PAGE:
Table 2: Example Confusion Matrix for Sentiment Classification

Total Number of Samples (N=1000) Predicted Positive (NPP) Predicted Negative (NPN)
Actual Positive True Positive (NTP=50) False Negative (NFN=100)
Actual Negative False Positive (NFP=150) True Negative (NTN=700)

 

With the values given in Table 2, we can computer accuracy, precision, and recall as follows:

Accuracy = 750/1000 = 75%

Precision = 50/200 = 25%

Recall = 50/150 = 33%

As you can see from this example, when measuring the performance of a cognitive solution, it is important to consider other metrics such as precision and recall in addition to accuracy.

Putting knowledge into practice – how it works

To expand our description to cognitive classifying solutions with multiple classes, we will use real examples from the Watson Business Coach application which consisted of a chat component powered by Watson Conversation service. One of the requirements for that application was to understand which business need intent referenced by the user. The identified business need intent would trigger a corresponding dialog with the user to capture other parameters which would then serve the most relevant client references.

For simplicity, we will focus on a handful of business need intents, specifically, we will build an intent classifier (as a component of Watson Conversation service) which takes as input a user’s utterance (short text) and classifies that text into one of six intents:

  • improve_customer_service
  • improve_decision_making
  • innovate
  • knowledge_sharing
  • improve_productivity
  • personalize_user_experience

After collecting real end user utterances, we mapped those utterances into these six intents, randomly split these labeled utterances (70% for training and 30% for testing) and trained the Watson Conversation Service. Once the service completed training, we wrote confusionMatrix code (available on github) to compute accuracy, precision, recall and generate the confusion matrix for our classifier.

Figure 2 shows the initial confusion matrix for our classifier with the six different intents. The confusion matrix is extremely helpful in better diagnosing the performance of the system. While the overall accuracy of the solution is 58.5%, it is clear from the confusion matrix that the system does a better job classifying improve_customer_service and innovate intents than it does classifying personalize_user_experience or improve_decision_making intents.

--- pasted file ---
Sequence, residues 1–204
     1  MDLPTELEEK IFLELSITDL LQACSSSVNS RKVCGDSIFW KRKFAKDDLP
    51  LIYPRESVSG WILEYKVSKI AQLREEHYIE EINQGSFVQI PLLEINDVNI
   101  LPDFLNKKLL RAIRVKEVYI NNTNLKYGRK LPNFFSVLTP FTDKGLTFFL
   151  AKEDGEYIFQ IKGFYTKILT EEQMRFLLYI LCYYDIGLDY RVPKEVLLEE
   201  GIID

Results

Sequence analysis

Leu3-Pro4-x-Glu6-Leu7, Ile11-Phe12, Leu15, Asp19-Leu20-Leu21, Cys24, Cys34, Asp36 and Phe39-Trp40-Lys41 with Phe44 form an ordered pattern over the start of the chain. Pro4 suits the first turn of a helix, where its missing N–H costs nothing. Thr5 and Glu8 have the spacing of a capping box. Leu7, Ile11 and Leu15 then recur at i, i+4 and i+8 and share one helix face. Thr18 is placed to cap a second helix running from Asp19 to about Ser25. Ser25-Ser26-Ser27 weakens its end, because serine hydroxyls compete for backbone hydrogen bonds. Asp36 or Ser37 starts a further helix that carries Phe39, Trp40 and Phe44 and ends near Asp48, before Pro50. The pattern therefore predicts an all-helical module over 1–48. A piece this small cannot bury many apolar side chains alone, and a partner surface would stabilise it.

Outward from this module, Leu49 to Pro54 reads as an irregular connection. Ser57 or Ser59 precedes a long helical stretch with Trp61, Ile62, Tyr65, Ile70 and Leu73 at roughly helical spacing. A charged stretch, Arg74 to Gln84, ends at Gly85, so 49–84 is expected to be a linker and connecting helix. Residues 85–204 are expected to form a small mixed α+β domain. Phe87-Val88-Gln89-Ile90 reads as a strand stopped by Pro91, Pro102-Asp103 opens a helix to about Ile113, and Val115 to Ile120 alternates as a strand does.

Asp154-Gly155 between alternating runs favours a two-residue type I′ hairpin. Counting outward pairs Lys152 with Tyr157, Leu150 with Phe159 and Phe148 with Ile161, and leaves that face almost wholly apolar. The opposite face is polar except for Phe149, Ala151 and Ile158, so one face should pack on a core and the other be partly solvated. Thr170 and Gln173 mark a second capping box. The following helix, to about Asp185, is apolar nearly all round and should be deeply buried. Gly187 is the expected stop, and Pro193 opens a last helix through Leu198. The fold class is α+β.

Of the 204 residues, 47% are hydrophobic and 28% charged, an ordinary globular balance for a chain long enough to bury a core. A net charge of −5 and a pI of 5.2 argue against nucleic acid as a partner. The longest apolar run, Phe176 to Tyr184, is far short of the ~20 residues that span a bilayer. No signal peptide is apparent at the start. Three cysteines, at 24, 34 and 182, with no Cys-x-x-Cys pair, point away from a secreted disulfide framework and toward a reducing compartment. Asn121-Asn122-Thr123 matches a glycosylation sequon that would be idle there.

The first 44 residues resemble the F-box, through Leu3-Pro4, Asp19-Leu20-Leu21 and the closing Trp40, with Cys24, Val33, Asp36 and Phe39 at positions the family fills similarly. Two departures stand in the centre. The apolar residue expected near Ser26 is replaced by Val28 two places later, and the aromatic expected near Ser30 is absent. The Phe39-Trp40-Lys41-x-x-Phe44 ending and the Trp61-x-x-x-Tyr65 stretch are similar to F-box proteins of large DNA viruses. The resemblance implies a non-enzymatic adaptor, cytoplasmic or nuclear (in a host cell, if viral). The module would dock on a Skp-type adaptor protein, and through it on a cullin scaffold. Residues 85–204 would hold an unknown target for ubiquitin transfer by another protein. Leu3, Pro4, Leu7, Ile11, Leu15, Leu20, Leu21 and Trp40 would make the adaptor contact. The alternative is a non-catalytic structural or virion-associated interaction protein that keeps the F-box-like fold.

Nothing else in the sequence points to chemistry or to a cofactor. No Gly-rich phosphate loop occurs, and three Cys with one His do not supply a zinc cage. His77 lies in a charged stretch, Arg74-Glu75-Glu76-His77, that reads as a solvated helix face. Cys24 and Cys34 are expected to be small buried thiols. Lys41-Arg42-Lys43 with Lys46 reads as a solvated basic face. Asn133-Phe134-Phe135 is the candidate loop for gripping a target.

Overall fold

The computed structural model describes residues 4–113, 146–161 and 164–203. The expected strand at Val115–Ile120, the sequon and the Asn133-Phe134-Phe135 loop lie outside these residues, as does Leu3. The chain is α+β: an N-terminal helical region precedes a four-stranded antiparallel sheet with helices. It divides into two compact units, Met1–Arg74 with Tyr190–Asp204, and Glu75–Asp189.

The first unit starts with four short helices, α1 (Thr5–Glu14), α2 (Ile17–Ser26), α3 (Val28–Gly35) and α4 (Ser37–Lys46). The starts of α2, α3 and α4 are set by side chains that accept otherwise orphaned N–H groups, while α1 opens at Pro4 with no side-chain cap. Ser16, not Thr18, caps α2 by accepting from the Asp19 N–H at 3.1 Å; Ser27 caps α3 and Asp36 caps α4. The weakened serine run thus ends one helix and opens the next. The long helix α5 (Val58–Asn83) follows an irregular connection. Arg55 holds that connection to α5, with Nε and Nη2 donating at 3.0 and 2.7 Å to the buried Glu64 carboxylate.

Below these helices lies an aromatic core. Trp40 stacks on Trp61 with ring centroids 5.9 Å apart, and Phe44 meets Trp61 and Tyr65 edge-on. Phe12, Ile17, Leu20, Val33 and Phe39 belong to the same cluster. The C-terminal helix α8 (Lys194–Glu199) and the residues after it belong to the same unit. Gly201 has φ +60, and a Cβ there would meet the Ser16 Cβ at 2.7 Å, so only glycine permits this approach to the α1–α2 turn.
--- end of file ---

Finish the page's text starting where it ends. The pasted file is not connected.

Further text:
Figure 2: Watson Business Coach Initial Confusion Matrix

Figure 2: Watson Business Coach Initial Confusion Matrix

Also, reviewing the confusion matrix, you can identify which intents may be most confusing for the system to classify. In Figure 2, you can see that improve_decision_making and innovate intents may be confusing for the system to classify correctly.

Once you’ve computed the accuracy, precision, and recall metrics, next you can focus on improving the performance of the system by following these guidelines:

  • To improve precision of an intent classification, review the training data to make sure there is consistent mapping of utterances to that intent.
  • To improve recall of an intent classification, add more training utterances that map to that intent.

When judging the performance of a cognitive solution, it is critical to rely on well-defined machine learning performance metrics (accuracy, precision, recall, AUC, etc…) and not get stuck trying to explain one-off inconsistencies. Relying on measurable metrics help guide the delivery and updates of your cognitive chatbot solution.

 

Learn more about creating your own chatbot

Ready to go deeper? Access code patterns and learn how to hook it all together. Take it to the next step by learning how to create a building a configurable, retail-ready chatbot. You can also access the IBM Bot Asset Exchange, a community-driven chatbot development hub, to see bots that others have created and use them as a foundation for your own chatbot.